Not only does it circulate debate, Martens says, but it circulates capital, reinforcing and reproducing the economic disparities that it seeks to expose. Martens offers the Tate Modern‘s Unilever Series as a good example of this, a collaboration which, though charitable in its commissions and innovative in its showcasing of artists like Tino Sehgal and Ai Weiwei, built up the popularity and reputation of the Tate Modern more than anything else. The pieces exhibited are undoubtedly critical, but only to an extent; they are accessible only to a select audience, an audience that may already agree with most of the criticisms conveyed. It is a conundrum that begs the question: how do we engage with global corporations without supporting and perpetuating the inequalities and disparities that they set in place? Collaborations like the Unilever Series end up skimming the surface of a much larger problem, which is why, Martens urges, it is the responsibility of artists to counteract “capital accumulation” and the gentrification of gallery culture, to turn gentrification into a “progressive tool for social change”.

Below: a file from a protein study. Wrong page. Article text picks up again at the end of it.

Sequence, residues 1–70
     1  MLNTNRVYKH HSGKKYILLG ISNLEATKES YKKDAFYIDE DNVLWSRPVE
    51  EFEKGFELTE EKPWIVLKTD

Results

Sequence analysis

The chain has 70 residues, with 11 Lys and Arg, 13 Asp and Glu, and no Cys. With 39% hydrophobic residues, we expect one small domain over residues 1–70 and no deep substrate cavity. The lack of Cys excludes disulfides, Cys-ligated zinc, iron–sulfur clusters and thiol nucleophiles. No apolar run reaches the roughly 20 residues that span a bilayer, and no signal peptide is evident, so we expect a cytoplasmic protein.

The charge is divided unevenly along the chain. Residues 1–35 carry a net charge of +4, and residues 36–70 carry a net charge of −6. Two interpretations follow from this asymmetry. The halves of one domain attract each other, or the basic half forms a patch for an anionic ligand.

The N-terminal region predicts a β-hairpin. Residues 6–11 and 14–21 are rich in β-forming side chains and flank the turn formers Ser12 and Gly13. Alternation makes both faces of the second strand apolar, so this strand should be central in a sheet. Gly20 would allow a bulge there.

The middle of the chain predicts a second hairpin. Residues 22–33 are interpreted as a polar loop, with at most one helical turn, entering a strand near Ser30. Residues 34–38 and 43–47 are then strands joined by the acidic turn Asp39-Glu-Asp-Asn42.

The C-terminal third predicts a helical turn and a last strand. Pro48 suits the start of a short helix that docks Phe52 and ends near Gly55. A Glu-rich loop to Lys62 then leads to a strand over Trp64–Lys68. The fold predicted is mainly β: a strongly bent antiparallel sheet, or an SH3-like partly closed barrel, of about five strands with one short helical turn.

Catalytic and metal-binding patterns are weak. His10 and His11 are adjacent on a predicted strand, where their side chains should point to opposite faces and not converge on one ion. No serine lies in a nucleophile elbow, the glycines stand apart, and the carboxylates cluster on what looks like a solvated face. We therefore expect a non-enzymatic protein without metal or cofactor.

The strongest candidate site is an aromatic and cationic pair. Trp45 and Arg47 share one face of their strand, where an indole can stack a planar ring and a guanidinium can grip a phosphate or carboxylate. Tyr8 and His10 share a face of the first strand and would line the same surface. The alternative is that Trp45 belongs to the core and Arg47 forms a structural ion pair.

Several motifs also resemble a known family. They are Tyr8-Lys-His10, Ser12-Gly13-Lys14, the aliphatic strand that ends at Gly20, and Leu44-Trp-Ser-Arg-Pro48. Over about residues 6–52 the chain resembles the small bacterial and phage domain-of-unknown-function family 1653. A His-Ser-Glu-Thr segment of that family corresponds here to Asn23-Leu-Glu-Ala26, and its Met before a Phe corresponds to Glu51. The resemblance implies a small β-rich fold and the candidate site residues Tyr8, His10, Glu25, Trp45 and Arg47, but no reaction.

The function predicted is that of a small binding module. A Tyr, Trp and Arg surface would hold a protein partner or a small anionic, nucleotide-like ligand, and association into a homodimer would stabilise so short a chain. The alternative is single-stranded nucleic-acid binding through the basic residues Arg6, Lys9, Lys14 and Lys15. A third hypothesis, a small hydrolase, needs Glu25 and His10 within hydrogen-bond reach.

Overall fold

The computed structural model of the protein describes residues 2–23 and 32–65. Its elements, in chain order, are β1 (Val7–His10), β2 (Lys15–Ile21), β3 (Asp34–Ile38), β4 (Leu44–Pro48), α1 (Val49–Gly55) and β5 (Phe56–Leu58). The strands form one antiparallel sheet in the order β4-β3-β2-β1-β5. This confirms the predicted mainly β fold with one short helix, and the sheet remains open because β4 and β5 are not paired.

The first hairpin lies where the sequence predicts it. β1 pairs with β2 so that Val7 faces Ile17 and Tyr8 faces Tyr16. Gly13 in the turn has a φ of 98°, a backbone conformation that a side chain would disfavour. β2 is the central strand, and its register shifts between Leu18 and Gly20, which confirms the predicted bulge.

Thomas Leba working on A LUCKY DAY (KOW), Institute of Human Activities, undisclosed location, DR Congo, 2015; © Renzo Martens / Institute for Human Activities; Courtesy of KOW, Berlin and Galerie Fons Welters, Amsterdam
Renzo Martens’ attempt to expand the possibilities of gentrification is an interesting one. The particular global issue he has chosen to address is post-colonialism in Africa and, particularly, the exploitation of plantation workers in the Democratic Republic of the Congo; the remedy he has proposed is quite literally, as the Guardian puts it, to “gentrify the jungle”. In other words, Martens hopes to create a gentrified, artistic community within the Congo that eliminates the distance between critique and action. Martens and the IHA recently organized a project in which various plantation workers designed sculptures and self-portraits made out of chocolate from their very own plantations, which were then displayed at a number of galleries, including Berlin’s KOW this past Gallery Weekend. The workers were thus able to speak for themselves through art, to take control of their identities and the way they are perceived without the exploitative presence of a middleman.
Renzo Martens / Institute for Human Activities – installation view at KOW Gallery (2015); copyright of Renzo Martens / Institute for Human Activities, photo by Ladislav Zajac / KOW, Courtesy of CATPC, IHA, KOW, Galerie Fons Welters